Generating auxiliary files (e.g., READMEs)

Using lpdoc it is often possible to use a common source for documentation text which should appear in several places. For example, assume a file INSTALL.lpdoc contains text (with lpdoc formatting commands) describing an application. This text can be included in a section of the main file documentation as follows:

:- comment(module,"
   ...
   @section{Installation instructions}
   @include{INSTALL.lpdoc}
   ...
   ").

At the same time, this text can be used to generate a nicely formatted INSTALL file in ascii, which can perhaps be included in the top level of the source directory of the application. To this end, an INSTALL.pl file as follows can be constructed:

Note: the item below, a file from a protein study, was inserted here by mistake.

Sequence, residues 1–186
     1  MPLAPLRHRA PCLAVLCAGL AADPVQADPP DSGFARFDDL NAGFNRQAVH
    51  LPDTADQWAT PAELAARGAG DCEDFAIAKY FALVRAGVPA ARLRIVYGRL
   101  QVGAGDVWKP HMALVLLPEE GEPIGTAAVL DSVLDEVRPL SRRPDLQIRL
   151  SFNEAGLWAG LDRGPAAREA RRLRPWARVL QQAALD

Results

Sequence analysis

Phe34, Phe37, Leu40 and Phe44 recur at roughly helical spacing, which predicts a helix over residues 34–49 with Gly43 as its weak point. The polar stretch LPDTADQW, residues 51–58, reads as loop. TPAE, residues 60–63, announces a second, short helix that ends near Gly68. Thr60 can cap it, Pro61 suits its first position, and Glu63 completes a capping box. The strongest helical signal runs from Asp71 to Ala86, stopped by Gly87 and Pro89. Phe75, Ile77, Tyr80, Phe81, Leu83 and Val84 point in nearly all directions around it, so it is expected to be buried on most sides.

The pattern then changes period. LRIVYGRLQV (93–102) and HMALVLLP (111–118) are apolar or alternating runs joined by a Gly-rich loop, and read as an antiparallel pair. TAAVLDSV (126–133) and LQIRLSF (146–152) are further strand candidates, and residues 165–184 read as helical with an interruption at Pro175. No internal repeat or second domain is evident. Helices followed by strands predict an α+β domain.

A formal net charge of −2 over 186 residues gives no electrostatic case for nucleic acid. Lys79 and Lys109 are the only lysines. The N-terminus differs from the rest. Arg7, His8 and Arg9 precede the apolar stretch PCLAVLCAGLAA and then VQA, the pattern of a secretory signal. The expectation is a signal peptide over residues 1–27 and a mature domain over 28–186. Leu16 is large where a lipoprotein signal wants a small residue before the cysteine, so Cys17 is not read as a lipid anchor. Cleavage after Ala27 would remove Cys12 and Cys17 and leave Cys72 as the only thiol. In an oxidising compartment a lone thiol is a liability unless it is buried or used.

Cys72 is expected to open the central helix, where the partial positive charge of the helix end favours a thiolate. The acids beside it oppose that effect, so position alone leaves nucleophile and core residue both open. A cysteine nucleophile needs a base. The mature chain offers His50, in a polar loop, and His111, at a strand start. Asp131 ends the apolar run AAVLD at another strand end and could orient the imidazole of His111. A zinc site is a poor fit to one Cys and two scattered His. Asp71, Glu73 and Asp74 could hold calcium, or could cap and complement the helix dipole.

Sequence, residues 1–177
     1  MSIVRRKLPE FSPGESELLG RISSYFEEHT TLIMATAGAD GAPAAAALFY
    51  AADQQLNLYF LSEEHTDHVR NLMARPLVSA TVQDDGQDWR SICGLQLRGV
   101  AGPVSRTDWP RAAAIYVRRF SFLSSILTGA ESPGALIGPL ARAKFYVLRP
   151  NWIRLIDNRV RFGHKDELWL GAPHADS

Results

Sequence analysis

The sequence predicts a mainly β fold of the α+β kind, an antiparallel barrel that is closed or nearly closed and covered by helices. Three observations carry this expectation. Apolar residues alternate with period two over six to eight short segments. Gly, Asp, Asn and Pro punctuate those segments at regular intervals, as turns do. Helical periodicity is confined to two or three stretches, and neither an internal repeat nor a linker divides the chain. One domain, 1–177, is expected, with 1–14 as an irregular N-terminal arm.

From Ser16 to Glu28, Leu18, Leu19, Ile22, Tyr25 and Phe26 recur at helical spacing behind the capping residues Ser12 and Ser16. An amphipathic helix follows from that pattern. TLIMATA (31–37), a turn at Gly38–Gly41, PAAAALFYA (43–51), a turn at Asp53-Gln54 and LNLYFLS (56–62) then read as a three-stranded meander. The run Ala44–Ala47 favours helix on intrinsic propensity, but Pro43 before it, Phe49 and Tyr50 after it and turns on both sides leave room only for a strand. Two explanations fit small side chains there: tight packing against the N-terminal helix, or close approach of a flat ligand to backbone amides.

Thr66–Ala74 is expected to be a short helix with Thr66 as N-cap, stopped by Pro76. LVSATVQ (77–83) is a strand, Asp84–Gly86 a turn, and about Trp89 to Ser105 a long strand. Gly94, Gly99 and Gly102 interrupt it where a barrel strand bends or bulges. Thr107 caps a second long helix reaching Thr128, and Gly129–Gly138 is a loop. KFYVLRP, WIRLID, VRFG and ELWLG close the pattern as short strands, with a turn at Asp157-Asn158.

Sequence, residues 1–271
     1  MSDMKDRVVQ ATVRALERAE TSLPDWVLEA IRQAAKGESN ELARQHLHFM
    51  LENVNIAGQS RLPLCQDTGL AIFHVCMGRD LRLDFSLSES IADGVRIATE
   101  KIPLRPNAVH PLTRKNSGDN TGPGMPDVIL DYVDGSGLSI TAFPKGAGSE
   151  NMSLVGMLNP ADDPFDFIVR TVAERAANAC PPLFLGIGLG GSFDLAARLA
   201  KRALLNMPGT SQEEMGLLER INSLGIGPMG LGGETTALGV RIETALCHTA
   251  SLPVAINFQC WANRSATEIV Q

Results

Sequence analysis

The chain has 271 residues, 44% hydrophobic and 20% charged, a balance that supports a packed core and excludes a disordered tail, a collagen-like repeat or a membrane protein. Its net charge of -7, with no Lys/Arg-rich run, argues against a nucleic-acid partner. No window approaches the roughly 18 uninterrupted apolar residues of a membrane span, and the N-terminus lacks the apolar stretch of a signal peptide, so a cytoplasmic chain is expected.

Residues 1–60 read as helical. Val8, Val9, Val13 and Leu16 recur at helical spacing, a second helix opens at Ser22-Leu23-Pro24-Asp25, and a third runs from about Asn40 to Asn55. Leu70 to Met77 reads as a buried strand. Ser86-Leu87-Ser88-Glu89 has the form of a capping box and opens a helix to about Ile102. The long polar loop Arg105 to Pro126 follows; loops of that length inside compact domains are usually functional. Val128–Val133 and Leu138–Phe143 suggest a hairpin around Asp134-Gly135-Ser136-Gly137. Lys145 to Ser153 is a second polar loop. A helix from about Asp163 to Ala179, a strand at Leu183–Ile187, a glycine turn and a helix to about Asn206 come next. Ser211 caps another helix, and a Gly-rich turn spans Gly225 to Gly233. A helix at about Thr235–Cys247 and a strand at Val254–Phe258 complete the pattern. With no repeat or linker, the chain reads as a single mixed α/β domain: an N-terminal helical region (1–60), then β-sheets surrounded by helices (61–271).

:- use_package([assertions]).
:- comment(title,"Installation instructions").
:- comment(module,"@include{INSTALL.lpdoc}").
main. %% forces file to be documented as an application

Then, the ascii INSTALL file can be generated by simply running gmake ascii in a directory with a SETTINGS file where MAIN is set to INSTALL.pl.

Troubleshooting

These are some common errors which may be found using lpdoc and the usual fix:


Go to the first, previous, next, last section, table of contents.